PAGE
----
People frequently ask me whether I am glad I was diagnosed with autism, whether I am glad I know. One day, my daughter Emma spoke with my mom about my diagnosis. She later told me that my mom kept saying, “If we had known, things would have been different.”
That sentiment exactly mirrors how I feel. No question. I wish I had always known because things would have been different. Gaining the awareness that autism underlies the differences between myself and others didn’t change me, but it changed my life.
No One Could Have Known
How does that even happen that you can be 45 years old and receive this diagnosis? Didn’t anyone notice my struggles? Did everyone just think I was that weird? Did I compensate so well that no one noticed?
Very simply, no one knew because there was no way to know. Even if my parents had had me evaluated as a girl, there would have been no diagnosis.
Forty-some years ago, others considered me to be different, really different, but that’s about it.
Twenty years ago, a diagnosis would still have eluded me.
Efforts ten years ago would have probably seen the same result.
So how did I even get there?
I Was Just Different – Diagnosably Different
During a difficult period for my family, some of my kids struggled with depression and anxiety. I called and found out that their insurance covered not only counseling, but also a psychological evaluation. Locating a provider offering what I considered the necessary testing proved challenging but doable. I asked the girls to go.
“Sure,” they said. “If you go too.”
“Easy enough,” I thought, “after all, I am healthy. I have always been different, but I am not anxious or depressed.”
As my scheduled appointment got closer, my confidence began to wane. It occurred to me that my difference may be diagnosable. In addition, in my recent return to work, not all of the feedback I received had been positive. No one criticized my work, they criticized me.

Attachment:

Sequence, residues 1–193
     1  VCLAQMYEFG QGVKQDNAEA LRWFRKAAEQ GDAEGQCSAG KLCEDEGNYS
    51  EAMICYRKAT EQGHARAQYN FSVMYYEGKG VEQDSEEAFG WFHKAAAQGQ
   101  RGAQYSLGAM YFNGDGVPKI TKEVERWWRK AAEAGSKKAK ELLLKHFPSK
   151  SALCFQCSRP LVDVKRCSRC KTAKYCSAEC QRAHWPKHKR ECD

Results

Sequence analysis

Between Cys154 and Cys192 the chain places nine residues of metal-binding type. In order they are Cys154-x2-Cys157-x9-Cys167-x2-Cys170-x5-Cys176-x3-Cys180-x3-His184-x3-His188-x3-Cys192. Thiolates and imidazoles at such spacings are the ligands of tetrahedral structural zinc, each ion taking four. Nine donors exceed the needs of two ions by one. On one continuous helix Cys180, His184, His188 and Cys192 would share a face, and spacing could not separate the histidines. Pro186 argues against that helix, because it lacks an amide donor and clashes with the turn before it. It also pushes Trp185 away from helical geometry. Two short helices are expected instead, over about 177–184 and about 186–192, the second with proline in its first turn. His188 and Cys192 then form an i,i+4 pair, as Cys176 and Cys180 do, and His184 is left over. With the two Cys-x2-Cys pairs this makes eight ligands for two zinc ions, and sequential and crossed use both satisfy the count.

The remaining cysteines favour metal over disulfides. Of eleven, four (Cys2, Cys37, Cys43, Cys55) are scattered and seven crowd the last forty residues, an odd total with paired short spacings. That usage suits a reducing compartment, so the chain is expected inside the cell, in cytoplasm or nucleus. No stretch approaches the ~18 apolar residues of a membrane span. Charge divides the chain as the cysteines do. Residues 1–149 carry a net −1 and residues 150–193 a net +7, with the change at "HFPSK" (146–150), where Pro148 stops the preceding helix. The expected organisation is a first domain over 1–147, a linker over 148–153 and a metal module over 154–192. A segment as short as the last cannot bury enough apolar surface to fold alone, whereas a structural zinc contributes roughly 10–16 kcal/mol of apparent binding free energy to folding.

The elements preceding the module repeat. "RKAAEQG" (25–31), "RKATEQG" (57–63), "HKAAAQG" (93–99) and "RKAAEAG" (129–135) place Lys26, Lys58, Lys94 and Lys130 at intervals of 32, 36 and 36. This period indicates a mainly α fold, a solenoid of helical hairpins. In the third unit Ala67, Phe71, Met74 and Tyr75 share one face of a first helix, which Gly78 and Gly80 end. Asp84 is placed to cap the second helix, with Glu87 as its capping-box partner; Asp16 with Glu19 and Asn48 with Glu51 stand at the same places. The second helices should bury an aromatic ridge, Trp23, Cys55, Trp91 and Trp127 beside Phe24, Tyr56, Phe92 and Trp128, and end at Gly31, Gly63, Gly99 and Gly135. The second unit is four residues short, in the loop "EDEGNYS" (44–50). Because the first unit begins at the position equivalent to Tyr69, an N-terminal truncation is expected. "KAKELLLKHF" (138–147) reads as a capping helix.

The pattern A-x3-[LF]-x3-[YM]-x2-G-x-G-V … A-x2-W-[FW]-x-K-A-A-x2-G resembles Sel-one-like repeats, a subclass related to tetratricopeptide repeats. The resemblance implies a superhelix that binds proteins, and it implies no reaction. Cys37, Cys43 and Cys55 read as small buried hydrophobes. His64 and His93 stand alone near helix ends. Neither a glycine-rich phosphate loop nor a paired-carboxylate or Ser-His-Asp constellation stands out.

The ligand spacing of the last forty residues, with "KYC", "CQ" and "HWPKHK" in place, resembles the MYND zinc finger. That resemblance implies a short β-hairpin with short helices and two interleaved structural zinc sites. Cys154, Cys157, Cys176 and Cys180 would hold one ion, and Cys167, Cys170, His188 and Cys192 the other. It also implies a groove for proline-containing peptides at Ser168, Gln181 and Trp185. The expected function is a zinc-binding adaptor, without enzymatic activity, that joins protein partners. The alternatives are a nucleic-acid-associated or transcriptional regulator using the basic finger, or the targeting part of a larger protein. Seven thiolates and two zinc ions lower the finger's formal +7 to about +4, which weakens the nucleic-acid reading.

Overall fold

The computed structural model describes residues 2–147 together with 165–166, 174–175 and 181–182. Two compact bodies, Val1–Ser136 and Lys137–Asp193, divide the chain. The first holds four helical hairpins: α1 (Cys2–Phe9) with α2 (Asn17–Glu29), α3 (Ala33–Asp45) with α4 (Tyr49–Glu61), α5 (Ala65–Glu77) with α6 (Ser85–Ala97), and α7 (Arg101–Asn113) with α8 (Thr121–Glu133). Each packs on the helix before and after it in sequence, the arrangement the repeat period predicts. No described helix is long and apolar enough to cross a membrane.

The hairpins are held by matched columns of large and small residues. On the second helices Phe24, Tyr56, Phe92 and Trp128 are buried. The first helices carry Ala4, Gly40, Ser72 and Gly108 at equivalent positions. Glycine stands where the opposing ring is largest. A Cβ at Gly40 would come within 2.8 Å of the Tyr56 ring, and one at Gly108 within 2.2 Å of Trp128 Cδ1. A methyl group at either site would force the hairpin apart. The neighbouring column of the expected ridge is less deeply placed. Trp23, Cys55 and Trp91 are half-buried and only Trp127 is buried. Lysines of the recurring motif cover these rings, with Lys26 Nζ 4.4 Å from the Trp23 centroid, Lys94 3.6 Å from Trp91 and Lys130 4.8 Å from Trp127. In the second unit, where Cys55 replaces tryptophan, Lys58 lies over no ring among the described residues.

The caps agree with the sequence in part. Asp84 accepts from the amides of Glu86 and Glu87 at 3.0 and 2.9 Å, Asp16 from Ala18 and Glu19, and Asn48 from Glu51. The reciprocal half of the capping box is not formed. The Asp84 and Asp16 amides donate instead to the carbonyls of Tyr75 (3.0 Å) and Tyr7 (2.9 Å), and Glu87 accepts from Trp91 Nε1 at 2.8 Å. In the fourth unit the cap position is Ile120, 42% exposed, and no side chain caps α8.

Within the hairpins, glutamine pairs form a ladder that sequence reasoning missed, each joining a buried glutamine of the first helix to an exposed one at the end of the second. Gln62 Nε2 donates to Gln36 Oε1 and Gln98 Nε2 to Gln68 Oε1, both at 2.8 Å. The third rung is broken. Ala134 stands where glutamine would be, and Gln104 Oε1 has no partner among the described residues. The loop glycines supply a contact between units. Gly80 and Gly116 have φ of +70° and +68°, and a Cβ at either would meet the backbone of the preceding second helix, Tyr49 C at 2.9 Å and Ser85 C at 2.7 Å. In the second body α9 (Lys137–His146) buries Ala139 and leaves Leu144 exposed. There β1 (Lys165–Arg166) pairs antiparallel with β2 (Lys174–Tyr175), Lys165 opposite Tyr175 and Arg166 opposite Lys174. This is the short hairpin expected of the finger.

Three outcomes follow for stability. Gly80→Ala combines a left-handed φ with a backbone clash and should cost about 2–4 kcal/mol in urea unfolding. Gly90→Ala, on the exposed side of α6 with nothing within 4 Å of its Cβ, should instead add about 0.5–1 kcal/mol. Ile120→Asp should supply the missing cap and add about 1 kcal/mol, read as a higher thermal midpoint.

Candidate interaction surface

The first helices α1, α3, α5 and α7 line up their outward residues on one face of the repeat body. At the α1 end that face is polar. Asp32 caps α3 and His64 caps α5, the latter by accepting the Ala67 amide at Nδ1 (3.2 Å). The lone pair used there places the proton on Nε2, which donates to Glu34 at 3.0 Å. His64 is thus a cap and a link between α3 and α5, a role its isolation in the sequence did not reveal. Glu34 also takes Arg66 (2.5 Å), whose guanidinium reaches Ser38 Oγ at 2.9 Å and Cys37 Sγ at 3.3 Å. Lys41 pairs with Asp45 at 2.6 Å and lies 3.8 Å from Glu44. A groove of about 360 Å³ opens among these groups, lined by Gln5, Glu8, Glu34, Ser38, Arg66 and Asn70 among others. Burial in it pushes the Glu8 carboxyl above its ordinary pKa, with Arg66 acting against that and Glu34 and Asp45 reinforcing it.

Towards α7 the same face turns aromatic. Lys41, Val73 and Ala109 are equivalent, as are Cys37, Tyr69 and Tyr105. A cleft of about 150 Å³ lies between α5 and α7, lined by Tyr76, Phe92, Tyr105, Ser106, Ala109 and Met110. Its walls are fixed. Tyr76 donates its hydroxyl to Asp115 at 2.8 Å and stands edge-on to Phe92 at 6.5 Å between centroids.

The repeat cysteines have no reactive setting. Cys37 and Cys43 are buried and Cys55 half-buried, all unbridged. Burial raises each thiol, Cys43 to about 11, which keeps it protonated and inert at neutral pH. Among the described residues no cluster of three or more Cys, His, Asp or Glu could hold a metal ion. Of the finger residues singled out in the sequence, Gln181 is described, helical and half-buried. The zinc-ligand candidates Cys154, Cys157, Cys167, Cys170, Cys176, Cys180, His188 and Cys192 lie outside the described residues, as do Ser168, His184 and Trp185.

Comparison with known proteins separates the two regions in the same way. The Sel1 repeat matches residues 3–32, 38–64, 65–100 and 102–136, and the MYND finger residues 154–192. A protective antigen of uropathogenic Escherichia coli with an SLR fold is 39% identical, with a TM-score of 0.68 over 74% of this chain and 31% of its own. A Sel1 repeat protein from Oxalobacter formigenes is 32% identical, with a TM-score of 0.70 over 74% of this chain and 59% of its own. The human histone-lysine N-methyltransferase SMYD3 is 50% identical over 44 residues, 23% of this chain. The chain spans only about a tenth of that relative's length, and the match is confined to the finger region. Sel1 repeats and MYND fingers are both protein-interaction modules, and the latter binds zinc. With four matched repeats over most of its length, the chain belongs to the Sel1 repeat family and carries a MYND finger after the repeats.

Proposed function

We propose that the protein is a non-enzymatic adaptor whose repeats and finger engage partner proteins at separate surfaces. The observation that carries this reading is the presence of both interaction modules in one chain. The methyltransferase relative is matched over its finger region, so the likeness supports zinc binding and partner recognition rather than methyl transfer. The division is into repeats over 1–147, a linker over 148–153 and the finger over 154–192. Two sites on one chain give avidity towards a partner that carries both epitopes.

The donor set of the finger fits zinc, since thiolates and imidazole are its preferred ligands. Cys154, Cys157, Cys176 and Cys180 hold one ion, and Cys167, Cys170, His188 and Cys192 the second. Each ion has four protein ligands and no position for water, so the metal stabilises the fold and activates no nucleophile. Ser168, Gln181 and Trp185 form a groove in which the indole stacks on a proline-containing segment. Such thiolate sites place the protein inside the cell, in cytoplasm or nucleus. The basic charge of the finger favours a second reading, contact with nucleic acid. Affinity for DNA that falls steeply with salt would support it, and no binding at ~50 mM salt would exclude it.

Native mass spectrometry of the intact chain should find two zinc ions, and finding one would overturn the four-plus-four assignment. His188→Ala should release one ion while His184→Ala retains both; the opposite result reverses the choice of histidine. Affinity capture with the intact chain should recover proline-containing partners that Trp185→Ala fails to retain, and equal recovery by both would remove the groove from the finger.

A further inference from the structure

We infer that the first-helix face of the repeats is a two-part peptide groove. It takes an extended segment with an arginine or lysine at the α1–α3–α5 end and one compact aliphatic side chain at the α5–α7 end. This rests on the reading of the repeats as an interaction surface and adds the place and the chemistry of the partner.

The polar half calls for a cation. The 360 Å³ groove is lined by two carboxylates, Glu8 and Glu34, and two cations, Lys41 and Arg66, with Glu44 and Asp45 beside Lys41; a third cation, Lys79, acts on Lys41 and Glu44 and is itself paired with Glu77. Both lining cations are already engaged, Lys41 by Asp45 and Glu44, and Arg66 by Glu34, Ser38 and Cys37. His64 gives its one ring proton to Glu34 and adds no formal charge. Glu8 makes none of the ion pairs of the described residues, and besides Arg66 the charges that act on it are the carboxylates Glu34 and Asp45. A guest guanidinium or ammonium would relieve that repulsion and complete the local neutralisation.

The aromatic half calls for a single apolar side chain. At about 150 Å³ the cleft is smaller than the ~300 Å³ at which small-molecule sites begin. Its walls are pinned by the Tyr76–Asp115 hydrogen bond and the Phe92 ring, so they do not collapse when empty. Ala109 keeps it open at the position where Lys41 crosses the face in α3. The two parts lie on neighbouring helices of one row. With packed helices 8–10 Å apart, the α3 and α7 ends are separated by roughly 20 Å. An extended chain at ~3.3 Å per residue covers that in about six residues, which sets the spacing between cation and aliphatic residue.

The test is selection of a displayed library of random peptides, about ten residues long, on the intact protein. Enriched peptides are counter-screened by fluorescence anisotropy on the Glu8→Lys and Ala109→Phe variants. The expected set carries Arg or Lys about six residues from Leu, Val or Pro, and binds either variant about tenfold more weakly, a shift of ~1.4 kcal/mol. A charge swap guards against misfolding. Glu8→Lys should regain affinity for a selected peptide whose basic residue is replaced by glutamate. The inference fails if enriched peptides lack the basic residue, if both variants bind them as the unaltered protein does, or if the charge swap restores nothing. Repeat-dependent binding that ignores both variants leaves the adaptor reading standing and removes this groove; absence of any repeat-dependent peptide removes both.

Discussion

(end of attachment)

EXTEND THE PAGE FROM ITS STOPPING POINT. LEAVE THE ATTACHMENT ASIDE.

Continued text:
“How,” I would think, “can I go to work every day wanting to serve and be helpful, wanting to make others successful, and yet people react negatively? How have I gotten so far in life and not had this happen before?”
Picking apart my experiences, I realized that few of the places I worked had been so willing to give such extensive feedback. Few of the places I had been employed or volunteered had been so sensitive to the things I said and so insensitive to my feelings.
I told a good friend and co-worker of the upcoming appointments, and he suggested I seek testing for autism. He and I worked closely together, and he recognized just how different were my thought processes. I decided to really take advantage of this testing opportunity to find out what it was that made me so different.
I Had to Communicate…
At my first diagnostic appointment, I struggled. Though I had decided to really try to explain what life had been like, I wasn’t really answering the questions in a manner that would benefit me. I was not sharing. If I wasn’t careful, I would lose this opportunity.
I don’t know what it was that caused me to open up (I think my diagnostician would challenge that word!) and share more than usual, but I did.
I shared the ways in which my childhood had been different. The feedback I was receiving from co-workers, while not fun to share, confirmed my childhood experiences, so I shared it. I shared that someone close to me thought I may have autism. I shared that autism exists in my family.